With Liverpool’s rich military history, it is fitting that those who participated in World War I are appropriately commemorated and honoured, together with those involved subsequently in a century of military and peacekeeping service by Australian personnel.
Liverpool City Council contributes both directly and indirectly to commemorations of those involved to various overseas conflicts and peacekeeping missions that Australia, and more specifically Liverpool, have participated in. To commemorate the centenary of Armistice, Council will develop and deliver a suite of programs and events honouring Armistice Day and Liverpool’s military history.
The Armistice Poetry Prize is about celebrating peace in Liverpool. The poems should capture ideas about celebration after the war ended. Consider how children, men, women and soldiers celebrated the end of the war? Entries must be an original single- authored and cannot exceed more than 32 lines, and need to clearly respond to ideas of celebration and peace.
There will be 4 award categories:
- Winning Student Poem Year 7-8
- Winning Student Poem Year 9-10
- Winning Student Poem Year 11-12
- Winning Overall Poem
The Winning Overall Poem has a cash prize of $1000. Other prizes include books and poetry packs. These will be on display and presented on Sunday 11 November 2018 at Bigge Park Liverpool.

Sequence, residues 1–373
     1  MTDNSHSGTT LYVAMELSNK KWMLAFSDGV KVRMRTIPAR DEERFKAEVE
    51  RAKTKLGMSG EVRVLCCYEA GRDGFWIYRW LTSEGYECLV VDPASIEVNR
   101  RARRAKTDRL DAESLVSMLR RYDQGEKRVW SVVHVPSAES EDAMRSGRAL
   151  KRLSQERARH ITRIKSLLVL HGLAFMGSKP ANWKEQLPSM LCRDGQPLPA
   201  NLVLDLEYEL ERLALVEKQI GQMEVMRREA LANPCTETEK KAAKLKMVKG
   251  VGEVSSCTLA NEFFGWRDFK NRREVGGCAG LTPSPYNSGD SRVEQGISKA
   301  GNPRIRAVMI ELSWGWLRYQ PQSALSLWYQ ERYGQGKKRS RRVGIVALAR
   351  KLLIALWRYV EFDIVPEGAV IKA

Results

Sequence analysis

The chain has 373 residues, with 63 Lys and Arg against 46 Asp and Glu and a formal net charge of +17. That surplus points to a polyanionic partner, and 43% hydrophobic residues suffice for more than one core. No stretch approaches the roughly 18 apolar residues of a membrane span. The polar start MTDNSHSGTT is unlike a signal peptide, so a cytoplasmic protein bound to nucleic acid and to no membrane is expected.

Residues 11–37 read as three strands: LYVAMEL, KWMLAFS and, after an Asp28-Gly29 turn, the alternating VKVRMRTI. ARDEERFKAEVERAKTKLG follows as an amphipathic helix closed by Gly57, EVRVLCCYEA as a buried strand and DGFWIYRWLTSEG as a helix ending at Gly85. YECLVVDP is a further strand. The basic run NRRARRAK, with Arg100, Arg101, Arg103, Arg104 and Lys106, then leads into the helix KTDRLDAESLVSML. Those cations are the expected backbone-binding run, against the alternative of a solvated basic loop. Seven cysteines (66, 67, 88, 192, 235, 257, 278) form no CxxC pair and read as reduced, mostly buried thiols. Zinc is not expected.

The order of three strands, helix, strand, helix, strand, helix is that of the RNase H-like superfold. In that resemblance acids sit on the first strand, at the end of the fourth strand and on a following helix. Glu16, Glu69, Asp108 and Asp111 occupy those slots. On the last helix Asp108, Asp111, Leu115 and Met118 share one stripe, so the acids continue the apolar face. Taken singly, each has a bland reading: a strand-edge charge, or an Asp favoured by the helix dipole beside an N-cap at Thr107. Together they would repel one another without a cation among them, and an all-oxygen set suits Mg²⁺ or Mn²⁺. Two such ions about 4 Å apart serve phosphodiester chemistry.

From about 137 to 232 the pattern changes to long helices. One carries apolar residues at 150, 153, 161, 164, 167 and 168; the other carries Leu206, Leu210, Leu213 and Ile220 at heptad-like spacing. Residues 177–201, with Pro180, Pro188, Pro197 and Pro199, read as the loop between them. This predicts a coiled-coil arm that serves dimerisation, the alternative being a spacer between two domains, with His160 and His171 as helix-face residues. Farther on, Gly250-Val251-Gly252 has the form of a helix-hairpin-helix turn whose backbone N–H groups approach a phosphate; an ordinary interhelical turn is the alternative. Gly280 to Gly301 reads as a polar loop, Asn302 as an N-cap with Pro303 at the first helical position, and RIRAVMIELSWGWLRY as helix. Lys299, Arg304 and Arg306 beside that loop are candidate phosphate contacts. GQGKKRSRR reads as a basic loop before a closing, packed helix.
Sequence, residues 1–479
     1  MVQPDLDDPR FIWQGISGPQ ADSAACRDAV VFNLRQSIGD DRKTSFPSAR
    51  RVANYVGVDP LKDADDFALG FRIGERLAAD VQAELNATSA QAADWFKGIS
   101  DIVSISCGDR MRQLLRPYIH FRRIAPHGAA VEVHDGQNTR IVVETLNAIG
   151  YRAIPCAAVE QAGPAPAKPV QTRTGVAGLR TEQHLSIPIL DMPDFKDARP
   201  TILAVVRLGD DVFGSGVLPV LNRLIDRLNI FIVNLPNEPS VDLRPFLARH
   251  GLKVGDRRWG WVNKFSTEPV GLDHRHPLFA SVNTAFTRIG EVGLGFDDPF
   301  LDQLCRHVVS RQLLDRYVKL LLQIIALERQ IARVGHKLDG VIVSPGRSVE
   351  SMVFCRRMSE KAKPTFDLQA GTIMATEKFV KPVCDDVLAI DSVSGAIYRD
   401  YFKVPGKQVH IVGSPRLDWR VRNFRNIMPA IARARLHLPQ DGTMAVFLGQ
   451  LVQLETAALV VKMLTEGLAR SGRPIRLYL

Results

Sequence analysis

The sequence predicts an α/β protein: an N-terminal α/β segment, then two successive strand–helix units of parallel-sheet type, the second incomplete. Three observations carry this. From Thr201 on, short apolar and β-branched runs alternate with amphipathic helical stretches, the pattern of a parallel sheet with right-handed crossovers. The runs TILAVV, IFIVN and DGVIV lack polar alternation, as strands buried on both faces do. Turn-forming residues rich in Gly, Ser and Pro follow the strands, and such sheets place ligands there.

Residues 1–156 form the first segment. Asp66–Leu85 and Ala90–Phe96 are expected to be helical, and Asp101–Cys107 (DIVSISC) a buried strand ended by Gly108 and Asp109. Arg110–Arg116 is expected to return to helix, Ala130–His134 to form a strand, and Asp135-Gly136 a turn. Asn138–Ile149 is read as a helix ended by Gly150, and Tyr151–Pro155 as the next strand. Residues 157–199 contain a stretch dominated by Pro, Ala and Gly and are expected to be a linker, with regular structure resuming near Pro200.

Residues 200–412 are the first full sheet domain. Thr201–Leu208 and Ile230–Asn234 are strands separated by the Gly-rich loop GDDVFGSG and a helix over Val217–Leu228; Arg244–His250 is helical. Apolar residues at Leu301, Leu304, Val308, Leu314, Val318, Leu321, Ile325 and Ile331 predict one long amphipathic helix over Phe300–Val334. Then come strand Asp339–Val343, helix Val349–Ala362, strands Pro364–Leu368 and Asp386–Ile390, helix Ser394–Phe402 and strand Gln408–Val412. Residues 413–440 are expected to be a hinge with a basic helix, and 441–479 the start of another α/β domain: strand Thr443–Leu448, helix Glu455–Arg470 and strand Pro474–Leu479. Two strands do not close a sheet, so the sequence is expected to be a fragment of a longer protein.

Poems are due by Friday, 26th of October 2018 at the close of business.
The registration form and poetry entries need to be sent to email@example.com by the 16 October 2018. The registration and poem need to be sent as one email with the entry clearly named with the student’s name, name of entry and school in the title. On the poem it should only have the poem title.
The Blake Poetry Prize challenges Australian poets to explore the spiritual and religious in a new work of 100 lines or less.
From 2017 Liverpool City Library, in partnership with Casula Powerhouse Arts Centre, will deliver The Blake Poetry Prize as a biennial event. Liverpool City Library and Casula Powerhouse Arts Centre will maintain the guiding principles of The Blake Poetry Prize in continuing to engage contemporary poets, both national and international, in conversations concerning faith, spirituality, religion, hope, humanity, social justice, belief and non-belief. The Blake Poetry Prize is an aesthetic means of exploring the wider experience of spirituality with the visionary imagining of contemporary poets.
The Blake Prize takes its name from William Blake, a poet and artist of undoubted genius, who integrated religious and artistic content in his work. The Blake Poetry Prize challenges contemporary poets of disparate styles to explore the spiritual and religious in a new work of 100 lines or less. The Blake Poetry Prize is strictly non-sectarian. The entries are not restricted to works related to any faith or any artistic style, but all poems entered must have a recognisable religious or spiritual integrity.
The Blake Poetry Prize amount is $5000.
2017 Blake Poetry Prize Winner: Julie Watts
The winner of the prestigious 2017 Blake Poetry Prize was announced at Casula Powerhouse Arts Centre, with West Australian Julie Watts taking out the $5000 prize for her poem The Story of Julian who will never know we loved him.
Julie Watts has been published in various journals and anthologies including Westerly, Australian Poetry Anthology and Australian Love Poems 2013. Her first collection of poetry, Honey & Hemlock, was published by Sunline Press in 2013.